The OP's question focuses on Garner's remark:
Because the former is the correct reading, some believe that notwithstanding should be sent to the end of the phrase in which it appears.
The (extremely dubious) purist argument is that
An outpouring of editorial opinion on either side of this issue notwithstanding, there are no easy answers.
The outpouring of editorial opinion did not withstand the absence of easy answers.
Notwithstanding an outpouring of editorial opinion on either side of this issue, there are no easy answers.
The absence of easy answers did not withstand the outpouring of editorial opinion.
The "correct reading," Garner observes, is that the attempts by editorial opinion writers to persuade everyone that the answer is clear-cut fail to resolve the underlying complexity of the issue; that is, the editorial arguments don't withstand the force of the opposing thesis that there are no easy answers. As a matter of structural logic, the "notwithstanding-at-the-end" construction makes this point, while the "notwithstanding-at-the-beginning" construction does not.
Part of the reason this analysis seems a bit awkward is that Garner's example involves nested oppositions: there is the opposition between the argument (by editorial opinion writers) that the problem at issue has easy answers and the counterargument (made by the writer) that there are no easy answers; but there is also the opposition between editorial opinion writers who think one answer is obviously correct and editorial opinion writers who think that the opposite answer is obviously correct.
The example's nested oppositions muddy the waters somewhat—so Garner presents a less complex example of what the logical purists are talking about. As he notes, the purists' reading of "notwithstanding" as meaning literally "not withstanding" leads them to conclude that the following sentence is logically correct:
The family's objection to the marriage notwithstanding, [the marriage took place].
because the objection did not withstand the couple's desire to marry, as proved by the fact that the objections did not prevent the marriage.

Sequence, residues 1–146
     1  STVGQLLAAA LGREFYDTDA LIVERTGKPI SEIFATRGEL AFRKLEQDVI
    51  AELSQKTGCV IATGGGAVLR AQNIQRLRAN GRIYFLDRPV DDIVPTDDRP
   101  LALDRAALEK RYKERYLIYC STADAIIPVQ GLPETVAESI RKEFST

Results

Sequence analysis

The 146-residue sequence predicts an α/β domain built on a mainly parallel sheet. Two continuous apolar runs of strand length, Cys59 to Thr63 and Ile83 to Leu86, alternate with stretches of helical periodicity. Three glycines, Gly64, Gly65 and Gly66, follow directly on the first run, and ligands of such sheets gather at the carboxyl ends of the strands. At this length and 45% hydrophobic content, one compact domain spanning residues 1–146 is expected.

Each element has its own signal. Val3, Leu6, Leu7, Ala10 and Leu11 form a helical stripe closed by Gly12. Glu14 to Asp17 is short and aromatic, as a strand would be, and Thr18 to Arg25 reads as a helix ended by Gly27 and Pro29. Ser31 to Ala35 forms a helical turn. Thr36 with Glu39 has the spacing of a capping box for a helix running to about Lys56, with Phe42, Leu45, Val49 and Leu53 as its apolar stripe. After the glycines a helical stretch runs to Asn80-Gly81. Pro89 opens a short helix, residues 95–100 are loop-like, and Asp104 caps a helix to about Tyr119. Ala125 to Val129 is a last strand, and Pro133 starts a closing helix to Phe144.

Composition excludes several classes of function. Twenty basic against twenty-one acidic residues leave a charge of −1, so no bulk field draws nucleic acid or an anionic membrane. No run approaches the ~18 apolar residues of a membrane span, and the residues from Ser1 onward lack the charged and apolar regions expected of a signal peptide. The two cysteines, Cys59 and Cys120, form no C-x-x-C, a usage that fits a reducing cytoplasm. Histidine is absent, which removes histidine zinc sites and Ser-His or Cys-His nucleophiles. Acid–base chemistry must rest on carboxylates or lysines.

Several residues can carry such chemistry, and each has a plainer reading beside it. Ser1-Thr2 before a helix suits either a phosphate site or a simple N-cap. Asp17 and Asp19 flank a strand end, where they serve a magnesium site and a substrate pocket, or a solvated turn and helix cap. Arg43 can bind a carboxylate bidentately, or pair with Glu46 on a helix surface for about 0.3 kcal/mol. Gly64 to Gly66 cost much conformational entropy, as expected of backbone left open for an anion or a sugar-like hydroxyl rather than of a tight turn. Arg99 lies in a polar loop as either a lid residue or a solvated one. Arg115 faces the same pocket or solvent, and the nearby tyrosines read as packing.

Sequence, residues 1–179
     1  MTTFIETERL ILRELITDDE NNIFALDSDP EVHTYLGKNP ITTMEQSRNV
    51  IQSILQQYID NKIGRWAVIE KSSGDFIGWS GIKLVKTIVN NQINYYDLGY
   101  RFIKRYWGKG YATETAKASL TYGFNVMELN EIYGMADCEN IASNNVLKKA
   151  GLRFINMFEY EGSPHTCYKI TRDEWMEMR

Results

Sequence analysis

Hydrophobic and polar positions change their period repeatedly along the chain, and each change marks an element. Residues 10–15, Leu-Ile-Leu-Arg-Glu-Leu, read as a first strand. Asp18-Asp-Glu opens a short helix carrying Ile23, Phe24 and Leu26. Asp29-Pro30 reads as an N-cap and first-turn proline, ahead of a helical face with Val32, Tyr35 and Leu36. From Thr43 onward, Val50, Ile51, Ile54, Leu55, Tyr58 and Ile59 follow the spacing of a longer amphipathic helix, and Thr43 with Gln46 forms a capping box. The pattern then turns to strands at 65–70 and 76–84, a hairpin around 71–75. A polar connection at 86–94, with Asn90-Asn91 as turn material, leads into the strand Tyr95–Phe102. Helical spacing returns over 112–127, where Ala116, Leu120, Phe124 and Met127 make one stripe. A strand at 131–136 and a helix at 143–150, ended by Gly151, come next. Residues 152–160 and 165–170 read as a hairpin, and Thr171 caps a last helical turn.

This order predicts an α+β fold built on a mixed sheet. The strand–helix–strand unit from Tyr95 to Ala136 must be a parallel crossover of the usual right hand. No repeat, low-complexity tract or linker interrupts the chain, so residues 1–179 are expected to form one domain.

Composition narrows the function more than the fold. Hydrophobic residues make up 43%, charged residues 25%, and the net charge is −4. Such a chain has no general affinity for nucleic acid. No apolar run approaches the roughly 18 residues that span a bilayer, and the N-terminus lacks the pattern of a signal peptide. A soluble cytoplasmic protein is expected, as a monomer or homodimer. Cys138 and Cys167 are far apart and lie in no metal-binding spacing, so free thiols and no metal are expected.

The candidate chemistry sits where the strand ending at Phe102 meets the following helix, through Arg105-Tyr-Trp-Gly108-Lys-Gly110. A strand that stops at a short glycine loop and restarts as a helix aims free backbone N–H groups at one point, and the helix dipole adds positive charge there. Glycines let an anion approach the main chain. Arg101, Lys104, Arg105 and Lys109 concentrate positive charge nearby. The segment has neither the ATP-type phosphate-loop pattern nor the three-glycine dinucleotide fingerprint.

In contrast, the purists would say, this sentence is illogical:
Notwithstanding the family's objection to the marriage, [the marriage took place].
because it states that the family's objection was "not withstood" at the same time that it clearly shows that the couple did withstand the objection by getting married anyway.
One might argue this it is a very odd purist indeed who insists on the critical importance of proper placement of "notwithstanding" to indicate which of two opposed sides successfully withstood the other, and yet seems to care very little that use of "not withstanding" is not a very logical choice of terms in a situation where "not preventing" would characterize the situation more accurately. After all, the family's objection to the marriage may still stand—and remain as firm as ever—whether the couple married or not.
A true logical stickler might, therefore, insist on reserving "notwithstanding" for instances in which something literally failed to withstand something else. For example:
The barbarian horde eventually sacked the town, the town's stout defenses notwithstanding.
But all of this malarkey takes place in a world of prescriptive logicality that bears little connection to the the real world of English as she is spoke. As Garner points out, writers have been using "notwithstanding" in the "illogical" way for more than 600 years, strongly suggesting that English writers and speakers have never acknowledged the logical rule that the purists wish to promulgate.